What breeds fear? What is its origin?
Fear is related either to past experiences or to the future. Fear of something that has happened in the past, fear of what might happen in the future, fear of insecurity, of losing, fear of not achieving, fear of not becoming. And the biggest fear, the fear of death.
There are many kinds of fears. All of these fears are related to time, either to yesterday or to tomorrow. Fear itself does not exist as such, independently, without a relation to something. As the “something” has no stable form but is changing all the time, we will never dissolve fear when we try to change or get rid of the “something,” whatever that might be. If we think we can get rid of our fears by eliminating what makes us fearful, we won’t succeed, as the origin of fear is not lying in the outside, materialistic world.
So the question is, where to find the place of fearlessness? It’s not a lesson I want to give right now, but rather a chat, that I want us to have. It is not about introducing new ideas, theories or any kind of concepts. This is a conversation, an investigation and an exploration.
As we examine fear more precisely, we can clearly see that fear arises from our thoughts. The thought is not merely shaping the fear, but rather is breeding the fear. Therefore, to get an answer to the above question, we have to examine the origin of thoughts.
Thoughts are shaped by the future and/or the past, always relating to one or the other. The thought—uncolored, without shapes or forms, impermanent in its nature—is just energy, which nourishes itself either from the past or the future.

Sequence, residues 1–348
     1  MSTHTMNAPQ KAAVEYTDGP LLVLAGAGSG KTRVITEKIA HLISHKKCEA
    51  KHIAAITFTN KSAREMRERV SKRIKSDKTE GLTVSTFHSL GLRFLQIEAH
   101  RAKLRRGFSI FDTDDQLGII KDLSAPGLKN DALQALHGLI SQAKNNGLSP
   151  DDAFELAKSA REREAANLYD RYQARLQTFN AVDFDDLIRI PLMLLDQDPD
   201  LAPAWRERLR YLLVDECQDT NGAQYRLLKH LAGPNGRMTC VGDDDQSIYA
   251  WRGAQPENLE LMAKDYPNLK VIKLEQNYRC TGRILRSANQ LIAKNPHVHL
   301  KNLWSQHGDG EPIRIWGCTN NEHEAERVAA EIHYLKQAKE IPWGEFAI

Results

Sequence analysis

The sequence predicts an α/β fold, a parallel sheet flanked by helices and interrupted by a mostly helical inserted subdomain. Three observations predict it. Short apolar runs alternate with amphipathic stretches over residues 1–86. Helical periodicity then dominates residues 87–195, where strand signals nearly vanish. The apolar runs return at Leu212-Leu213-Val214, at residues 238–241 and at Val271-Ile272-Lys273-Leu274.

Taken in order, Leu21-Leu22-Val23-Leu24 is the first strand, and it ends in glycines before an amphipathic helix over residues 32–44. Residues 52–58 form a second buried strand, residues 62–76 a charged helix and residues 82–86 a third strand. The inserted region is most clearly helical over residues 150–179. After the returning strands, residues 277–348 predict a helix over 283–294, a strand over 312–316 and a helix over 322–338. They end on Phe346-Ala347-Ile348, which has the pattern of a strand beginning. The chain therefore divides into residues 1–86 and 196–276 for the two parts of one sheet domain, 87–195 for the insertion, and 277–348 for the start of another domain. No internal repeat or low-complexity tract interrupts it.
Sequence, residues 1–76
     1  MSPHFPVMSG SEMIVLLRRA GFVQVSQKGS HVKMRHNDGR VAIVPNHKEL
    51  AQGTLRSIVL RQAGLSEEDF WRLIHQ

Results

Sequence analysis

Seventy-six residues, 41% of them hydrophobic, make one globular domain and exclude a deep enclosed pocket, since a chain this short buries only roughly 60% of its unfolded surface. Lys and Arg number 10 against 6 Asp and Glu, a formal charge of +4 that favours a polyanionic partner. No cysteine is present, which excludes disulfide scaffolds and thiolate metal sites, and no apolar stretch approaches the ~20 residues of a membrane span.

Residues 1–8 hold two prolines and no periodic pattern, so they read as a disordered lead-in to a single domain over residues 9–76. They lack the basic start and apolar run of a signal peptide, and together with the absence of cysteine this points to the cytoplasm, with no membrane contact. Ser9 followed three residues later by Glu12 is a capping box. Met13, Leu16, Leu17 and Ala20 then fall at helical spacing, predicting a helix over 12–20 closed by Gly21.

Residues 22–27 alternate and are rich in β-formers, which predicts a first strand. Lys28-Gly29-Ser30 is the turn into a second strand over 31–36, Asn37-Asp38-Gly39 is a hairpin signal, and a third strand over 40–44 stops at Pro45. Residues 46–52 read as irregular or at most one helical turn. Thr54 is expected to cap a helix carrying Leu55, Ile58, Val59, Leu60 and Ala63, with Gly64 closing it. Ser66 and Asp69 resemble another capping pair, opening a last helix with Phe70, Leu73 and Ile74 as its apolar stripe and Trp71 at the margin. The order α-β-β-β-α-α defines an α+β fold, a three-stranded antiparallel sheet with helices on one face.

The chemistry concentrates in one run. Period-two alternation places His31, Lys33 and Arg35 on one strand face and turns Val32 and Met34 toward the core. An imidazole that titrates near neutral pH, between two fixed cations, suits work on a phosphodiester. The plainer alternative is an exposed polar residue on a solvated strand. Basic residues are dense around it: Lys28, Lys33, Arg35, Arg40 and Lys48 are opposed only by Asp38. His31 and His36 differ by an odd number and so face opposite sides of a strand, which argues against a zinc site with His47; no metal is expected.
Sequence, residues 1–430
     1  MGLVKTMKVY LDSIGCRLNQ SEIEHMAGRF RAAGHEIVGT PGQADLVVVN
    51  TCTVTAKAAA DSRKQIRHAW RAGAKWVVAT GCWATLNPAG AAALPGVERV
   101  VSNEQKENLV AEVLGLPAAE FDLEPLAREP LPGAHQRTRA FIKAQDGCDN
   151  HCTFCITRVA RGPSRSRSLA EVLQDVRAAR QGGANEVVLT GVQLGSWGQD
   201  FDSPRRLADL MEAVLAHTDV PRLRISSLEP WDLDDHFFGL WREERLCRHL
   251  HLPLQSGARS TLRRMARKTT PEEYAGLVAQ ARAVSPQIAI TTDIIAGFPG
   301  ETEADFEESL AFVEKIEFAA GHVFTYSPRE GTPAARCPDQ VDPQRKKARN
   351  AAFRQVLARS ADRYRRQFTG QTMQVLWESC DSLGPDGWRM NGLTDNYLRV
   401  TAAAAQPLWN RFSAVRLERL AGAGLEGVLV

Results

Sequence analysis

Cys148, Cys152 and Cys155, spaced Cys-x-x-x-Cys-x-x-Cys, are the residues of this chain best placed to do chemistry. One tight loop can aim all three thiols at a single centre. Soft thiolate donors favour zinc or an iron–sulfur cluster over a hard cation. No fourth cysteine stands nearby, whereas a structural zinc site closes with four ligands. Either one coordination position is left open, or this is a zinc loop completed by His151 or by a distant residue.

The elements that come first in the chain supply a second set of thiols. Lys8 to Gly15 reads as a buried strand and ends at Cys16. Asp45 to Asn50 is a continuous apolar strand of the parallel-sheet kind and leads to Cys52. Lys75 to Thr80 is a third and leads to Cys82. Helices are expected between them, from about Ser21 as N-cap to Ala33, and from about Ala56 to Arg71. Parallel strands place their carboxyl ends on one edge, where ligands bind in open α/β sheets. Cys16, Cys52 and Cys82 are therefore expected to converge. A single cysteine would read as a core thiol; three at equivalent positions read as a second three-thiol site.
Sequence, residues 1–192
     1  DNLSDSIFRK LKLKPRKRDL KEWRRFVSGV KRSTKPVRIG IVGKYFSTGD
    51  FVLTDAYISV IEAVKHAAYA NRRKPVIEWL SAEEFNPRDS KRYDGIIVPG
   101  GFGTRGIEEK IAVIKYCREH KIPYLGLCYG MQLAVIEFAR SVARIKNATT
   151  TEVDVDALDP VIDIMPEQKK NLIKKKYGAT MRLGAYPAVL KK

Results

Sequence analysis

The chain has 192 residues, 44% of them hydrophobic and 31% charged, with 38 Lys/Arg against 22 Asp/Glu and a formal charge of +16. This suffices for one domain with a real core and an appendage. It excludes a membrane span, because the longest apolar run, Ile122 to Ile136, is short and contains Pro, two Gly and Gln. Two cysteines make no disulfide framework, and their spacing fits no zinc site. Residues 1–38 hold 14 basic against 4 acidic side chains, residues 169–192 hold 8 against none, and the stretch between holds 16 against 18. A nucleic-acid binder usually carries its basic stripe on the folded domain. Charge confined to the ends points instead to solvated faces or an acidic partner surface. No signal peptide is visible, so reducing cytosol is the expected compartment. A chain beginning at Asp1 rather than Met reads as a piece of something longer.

So a thought is a movement away from what is present. The now, or the present moment, the place of dissolving of the distinction of the observer and the observed, the experiencer and the experience, the dissolving of duality—that is exactly the place where we can experience the root of fearlessness that we are talking about right now.
At this place, where there is no past or future, what do we find? It is our awareness, the nature of our mind, which can be experienced. At this place there is no time, or relation to time, there is neither a tomorrow nor a yesterday. There is no pursuit of the future, there is no memory of the past. This place is beyond thoughts, as our awareness is capable of observing our thoughts, their coming and their going.
We can understand that the place where fearlessness is found is between the leaving of one thought and the arising of the next one. Right here, at this particular place, where there is only clear awareness, we can become permanently free of our fears. As it is at this moment, there is no conflict between avoidance and desire. There is nothing to hold onto and there is nothing to get rid of. And this awareness we are talking about is never changing, is never arising and is never leaving, but is always there.
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Assistant Editor: Andrea Charpentier/Editor: Rachel Nussbaum